CAUSE OF DEATH (DVD)

2 Stars
Year Released: 2000
MPAA Rating: R
Running Time: 95 minutes
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I think I liked this movie better when it was called “Jagged Edge.” The major differences between that movie and “Cause of Death” are the gender of the accused killer and the fact that “Jagged Edge” is a better film. 
The “did they do it or didn’t’ they?” plot device is one we’ve seen dozens of times, from “Just Cause” to “Basic Instinct” on down to “Anatomy of a Murder,” and it doesn’t get reinvented here: someone is accused of homicide, and during the ensuing trial someone else (in this case, the district attorney) becomes increasingly convinced they’re trying the wrong person. 
Derivative plot aside, there’s nothing really *wrong* with “Cause of Death.” It’s got decent acting talent, the script is serviceable (when not outright hilarious), and while Marc S. Grenier won’t win any Best Director awards, he does an okay job. Overall, it’s just a lackluster film. 
The movie is set in Baltimore during a garbage strike. The body of the mayor’s cousin is found at his home, where someone apparently had a 12-gauge bone to pick with him. He is discovered by his wife, Angela Carter (Severance), who protests her innocence but is arrested for the murder shortly thereafter. Deputy district attorney Taylor Lewis (Bergin) gets called in to take the lead on the case, but he’s not happy about it. It seems he’s been off capital cases ever since a previous one went sour. Details of the case are vague, but the fallout from it has left Taylor a bitter and disillusioned man.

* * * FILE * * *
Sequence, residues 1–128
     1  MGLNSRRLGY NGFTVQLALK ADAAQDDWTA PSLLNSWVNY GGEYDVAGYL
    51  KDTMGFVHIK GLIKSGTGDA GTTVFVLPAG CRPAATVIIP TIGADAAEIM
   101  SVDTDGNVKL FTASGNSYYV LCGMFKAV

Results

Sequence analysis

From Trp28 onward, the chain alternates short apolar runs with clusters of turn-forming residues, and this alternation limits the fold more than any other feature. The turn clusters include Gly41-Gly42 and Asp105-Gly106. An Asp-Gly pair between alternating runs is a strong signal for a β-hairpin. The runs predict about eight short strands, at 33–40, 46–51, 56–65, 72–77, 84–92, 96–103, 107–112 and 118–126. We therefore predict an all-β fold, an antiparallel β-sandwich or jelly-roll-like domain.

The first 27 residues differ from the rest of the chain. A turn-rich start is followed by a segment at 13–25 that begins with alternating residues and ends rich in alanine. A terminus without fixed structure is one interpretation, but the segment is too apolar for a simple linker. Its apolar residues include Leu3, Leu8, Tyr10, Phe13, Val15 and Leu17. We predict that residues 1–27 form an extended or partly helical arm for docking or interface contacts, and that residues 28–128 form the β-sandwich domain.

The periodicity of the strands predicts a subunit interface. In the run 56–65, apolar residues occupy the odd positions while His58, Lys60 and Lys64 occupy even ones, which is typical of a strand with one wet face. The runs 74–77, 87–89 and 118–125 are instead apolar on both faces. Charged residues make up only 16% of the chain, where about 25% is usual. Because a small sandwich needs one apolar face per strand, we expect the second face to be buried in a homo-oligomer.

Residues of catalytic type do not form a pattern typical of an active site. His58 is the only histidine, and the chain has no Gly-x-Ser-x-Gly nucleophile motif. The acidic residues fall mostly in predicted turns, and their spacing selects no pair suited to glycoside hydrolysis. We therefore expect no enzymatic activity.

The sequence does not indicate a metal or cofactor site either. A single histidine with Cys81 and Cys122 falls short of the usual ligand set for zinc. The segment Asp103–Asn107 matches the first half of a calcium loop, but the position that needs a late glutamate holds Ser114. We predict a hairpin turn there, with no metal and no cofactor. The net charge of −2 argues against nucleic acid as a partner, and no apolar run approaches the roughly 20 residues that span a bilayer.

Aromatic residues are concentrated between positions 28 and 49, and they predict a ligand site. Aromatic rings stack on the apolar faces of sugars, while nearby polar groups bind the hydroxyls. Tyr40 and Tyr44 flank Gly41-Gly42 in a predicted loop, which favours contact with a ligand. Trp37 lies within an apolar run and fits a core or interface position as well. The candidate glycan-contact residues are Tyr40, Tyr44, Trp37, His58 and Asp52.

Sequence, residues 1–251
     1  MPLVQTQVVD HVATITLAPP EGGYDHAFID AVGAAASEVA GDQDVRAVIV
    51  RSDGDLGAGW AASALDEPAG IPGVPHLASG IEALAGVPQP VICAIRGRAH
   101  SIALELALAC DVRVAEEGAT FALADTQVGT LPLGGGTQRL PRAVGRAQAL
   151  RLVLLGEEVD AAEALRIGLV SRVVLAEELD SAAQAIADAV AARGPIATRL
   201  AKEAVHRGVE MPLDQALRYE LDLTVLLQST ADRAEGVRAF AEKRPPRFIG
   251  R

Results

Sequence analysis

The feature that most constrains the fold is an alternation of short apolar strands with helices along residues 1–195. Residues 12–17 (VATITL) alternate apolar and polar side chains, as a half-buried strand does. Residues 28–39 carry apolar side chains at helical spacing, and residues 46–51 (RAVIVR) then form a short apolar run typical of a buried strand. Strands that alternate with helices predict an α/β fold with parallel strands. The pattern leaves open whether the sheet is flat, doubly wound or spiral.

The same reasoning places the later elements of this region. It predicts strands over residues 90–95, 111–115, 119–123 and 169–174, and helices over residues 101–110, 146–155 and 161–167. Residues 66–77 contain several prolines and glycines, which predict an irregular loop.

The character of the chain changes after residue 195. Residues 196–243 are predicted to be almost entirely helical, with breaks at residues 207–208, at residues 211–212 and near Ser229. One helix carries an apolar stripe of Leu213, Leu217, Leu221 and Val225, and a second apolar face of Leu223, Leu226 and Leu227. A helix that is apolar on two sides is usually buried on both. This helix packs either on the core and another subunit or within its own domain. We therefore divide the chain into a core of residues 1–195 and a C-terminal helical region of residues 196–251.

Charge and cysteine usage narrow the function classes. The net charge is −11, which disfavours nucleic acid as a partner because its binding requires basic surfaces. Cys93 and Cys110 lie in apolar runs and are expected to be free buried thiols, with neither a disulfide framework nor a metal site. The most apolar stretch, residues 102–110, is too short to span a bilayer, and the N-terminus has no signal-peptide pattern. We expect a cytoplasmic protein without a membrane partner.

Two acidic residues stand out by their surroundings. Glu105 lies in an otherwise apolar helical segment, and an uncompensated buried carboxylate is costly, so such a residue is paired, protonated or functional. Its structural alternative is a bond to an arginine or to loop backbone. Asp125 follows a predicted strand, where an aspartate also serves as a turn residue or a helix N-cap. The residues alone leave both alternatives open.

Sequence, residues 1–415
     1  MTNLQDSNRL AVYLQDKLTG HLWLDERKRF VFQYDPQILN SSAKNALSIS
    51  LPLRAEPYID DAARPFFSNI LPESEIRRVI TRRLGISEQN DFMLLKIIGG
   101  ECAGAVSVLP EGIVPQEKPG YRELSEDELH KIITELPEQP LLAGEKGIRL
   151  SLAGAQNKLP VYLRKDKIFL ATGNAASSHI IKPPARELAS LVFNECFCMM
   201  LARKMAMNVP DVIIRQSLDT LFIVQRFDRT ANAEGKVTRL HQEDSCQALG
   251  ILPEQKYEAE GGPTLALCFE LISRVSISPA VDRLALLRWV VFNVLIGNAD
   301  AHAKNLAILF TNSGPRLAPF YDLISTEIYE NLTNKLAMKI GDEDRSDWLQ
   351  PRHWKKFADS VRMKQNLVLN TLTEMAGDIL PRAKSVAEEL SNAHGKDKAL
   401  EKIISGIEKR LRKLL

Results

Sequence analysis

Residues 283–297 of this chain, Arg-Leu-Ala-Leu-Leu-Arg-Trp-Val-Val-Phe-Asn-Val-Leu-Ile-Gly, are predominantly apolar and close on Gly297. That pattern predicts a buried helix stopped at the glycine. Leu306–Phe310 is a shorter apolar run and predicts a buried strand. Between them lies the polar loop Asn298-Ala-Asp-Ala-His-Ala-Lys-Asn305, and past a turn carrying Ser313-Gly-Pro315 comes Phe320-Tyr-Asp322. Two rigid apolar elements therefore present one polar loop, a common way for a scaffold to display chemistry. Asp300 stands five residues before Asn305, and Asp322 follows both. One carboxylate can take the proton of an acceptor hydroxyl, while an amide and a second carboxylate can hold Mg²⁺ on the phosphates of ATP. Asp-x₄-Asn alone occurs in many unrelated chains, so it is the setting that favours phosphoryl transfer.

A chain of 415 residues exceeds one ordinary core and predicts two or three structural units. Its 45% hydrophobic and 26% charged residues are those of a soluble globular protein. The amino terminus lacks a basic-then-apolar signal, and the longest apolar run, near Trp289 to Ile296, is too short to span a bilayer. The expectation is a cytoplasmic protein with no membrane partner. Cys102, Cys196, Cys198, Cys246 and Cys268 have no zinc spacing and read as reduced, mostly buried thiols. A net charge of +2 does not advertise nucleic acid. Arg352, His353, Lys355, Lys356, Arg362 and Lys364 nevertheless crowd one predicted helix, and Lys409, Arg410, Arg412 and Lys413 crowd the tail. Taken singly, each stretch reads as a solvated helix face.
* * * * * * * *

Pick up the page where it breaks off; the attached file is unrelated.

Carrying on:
Accompanied by his perky assistant named – no, really – Missy (Maxim Roy) and hounded by his boss (Michael Ironside), Taylor prosecutes the trial even as he suspects there’s more to this case than meets the eye (thanks largely to Angela’s clumsily proffered clues). Inevitably (and if you can’t see this coming you need to bone up on your clichés), the two become romantically involved, leading to a perfunctory sex scene that would leave even PAX subscribers feeling cheated. As more clues are discovered, connections are revealed concerning the dead man’s ties to the Mob, illegal waste collection contracts, and corruption that (dare I say it?) may extend to the highest positions in city government.
“Cause of Death” may be set in Baltimore, but it was shot in Montreal. This has little effect on exterior settings, but it seems as if a certain foreign sensibility has permeated the film. For instance, the part where Taylor clears out a bar by flashing a badge and yelling, “Everybody out! District attorney’s office!” is highly enjoyable. From the way the crowd reacts you’d have thought he threw a live skunk into the place. 
If that had been a real Baltimore bar he would’ve needed mustard gas and a SWAT team (and all bets are off if the Ravens are playing). 
And shouldn’t movies featuring extensive courtroom scenes have some kind of legal consultant? Angela’s lawyer actually makes an objection during a police interview, while Angela herself gives the bailiff a note to pass to Taylor – the opposing counsel – during opening statements. I don’t know if the latter is strictly illegal, but give me a break. 
What the hell happened to Patrick Bergin? He was a great presence as Sir Richard Burton in “Mountains of the Moon,” and at least seemed to be doing more than going through the motions in “Sleeping with the Enemy” and “Patriot Games.” I expect as much from Severance, who is kind of a brunette Shannon Tweed, but Bergin just doesn’t seem to care anymore. Ironside is, well, Ironside, while newcomer Maxim Roy offers the only breath of fresh air among the cast. And it doesn’t hurt that her deputy DA character wears skirts short enough to get her disbarred. 
“Cause of Death” is noteworthy only for the fact that it’s fairly unremarkable. Both cast and crew seem to be expending the minimum amount of effort needed for something that, minus a few f-words, could’ve easily aired as a CBS Movie of the Week.



Posted on December 10, 2002 in Reviews by
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